Importantly, an internal investigation gives the corporate the opportunity to self-report the problem. This will not magically remove the legal difficulties but with the SFO it will at least be logged as a form of co-operation. The SFO has made it clear that it encourages companies to self-report as early as possible, and doing so gives a company the chance to open discussions with the SFO. But consideration needs to be given to how and when self-reporting is done. A well-intentioned attempt by a corporate to “come clean’’ could be used against it if the self-reporting is not handled properly, while self-reporting and co-operating when the SFO is well aware of the wrongdoing can appear a pointlessly overdue and desperate attempt to seek leniency.
In August 2019, the SFO published a memo, “Corporate Co-operation Guidance’’, which defined co-operation as "providing assistance to the SFO that goes above and beyond what the law requires" and detailed 11 general practices that companies should consider when preserving material and giving it to the SFO. It included specific guidance relating to digital evidence and devices, hard copies and physical evidence, financial records and analysis of them, industry information and individuals. It also made it clear that the SFO wants companies to consult with it before taking steps such as interviewing potential witnesses and suspects and to provide information on “industry knowledge, context and common practices’’ and “other actors in the relevant market’’.
With the October 2020 guidance not making the issue of co-operation much clearer; the 2019 guidance remains a useful yardstick for companies looking to act in a way that will enhance its chances of a DPA. To take one example of its worth, the 2019 guidance stated that self-reporting needs to follow an internal investigation that has been thorough, methodical and has been conducted by professionals with the relevant experience and expertise.
Any efforts to engage with the SFO in such a situation need to be managed by those with in-depth experience of the relevant law, knowledge of the best way to enter and sustain dialogue with the SFO and an ability to identify and rectify the wrongdoing and areas of risk. Internal investigations are a vital tool in deducing the size, nature and cause of any wrongdoing and in shaping the best possible response. A corporate that does not take this course of action is likely to be reducing the chances of a DPA being offered.
While the importance of co-operation – and its value in dealings with the SFO – cannot be over-emphasised, negotiation is also a vital element when seeking a DPA. Corporates under investigation need to minimise the financial and reputational damage that can result from an investigation and, ideally, avoid being prosecuted. In such a pressured environment, it is often best for a corporate to call in experts that can take an informed, impartial look at what needs to be changed in order to prevent future problems and then convince the authorities of the corporate’s genuine intention to prevent any repeat of the wrongdoing.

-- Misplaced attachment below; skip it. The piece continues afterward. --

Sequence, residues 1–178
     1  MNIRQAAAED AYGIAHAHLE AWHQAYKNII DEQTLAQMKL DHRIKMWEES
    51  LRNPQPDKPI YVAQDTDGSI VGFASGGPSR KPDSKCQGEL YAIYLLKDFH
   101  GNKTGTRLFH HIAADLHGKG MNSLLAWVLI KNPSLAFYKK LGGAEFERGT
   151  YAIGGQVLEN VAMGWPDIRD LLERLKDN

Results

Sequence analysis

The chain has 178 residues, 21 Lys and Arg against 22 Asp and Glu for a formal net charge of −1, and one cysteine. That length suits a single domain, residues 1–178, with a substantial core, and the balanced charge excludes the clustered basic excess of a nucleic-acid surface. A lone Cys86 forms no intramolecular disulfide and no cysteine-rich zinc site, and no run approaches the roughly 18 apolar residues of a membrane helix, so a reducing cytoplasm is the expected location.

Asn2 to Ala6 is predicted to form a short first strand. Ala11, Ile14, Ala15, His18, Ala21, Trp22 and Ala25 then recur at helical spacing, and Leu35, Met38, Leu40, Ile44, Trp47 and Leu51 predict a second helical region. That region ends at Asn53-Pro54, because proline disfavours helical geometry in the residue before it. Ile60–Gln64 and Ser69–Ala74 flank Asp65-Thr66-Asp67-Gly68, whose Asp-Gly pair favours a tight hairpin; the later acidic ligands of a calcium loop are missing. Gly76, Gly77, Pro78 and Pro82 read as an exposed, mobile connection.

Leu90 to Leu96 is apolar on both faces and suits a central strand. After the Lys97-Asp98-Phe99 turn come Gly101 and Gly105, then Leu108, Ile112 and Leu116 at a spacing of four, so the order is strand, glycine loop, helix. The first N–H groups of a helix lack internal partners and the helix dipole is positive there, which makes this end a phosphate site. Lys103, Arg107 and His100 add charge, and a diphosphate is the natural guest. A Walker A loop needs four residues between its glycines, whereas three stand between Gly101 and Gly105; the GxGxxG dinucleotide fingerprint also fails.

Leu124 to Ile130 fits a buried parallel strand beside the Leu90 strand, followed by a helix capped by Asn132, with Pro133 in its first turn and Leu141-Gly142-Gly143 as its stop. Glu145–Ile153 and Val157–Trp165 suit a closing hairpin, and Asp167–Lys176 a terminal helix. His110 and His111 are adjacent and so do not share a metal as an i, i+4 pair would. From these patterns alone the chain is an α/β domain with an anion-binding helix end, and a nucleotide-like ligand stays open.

This may sound like a company putting its fate into the hands of “outsiders’’. But if a company comes under investigation – or believes it is about to come under investigation – it needs to be open and honest about its problems and genuinely determined to put them right. This requires establishing what those problems are and how they should be disclosed to the SFO. From that point onwards, the dialogue with the SFO will be all-important.
No SFO investigators will automatically offer a DPA because the corporate has done the decent thing and reported its wrongdoing. At this stage, it is more than likely the SFO will have enough evidence for a prosecution. The challenge then is to convince it that a prosecution is in nobody’s interest. Much of that challenge will rest on the ability to negotiate, argue a case and use findings from a properly-conducted internal investigation to convince the SFO that a DPA is the most appropriate outcome.
The latest SFO guidance is useful while not being especially enlightening. It offers some assistance to corporates looking to avoid prosecution and obtain a DPA. But it also emphasises the challenges facing any corporate in such a situation, while doing little to make them any less daunting. The onus, it seems, is still on the corporate to navigate the right course to a DPA; either by itself or with outside help.
Nicola is known for her fraud, civil recovery, arbitration and business crime expertise, her experience of leading the largest financial disputes and multinational investigations and her skills in devising preventative measures and conducting internal investigations for corporates.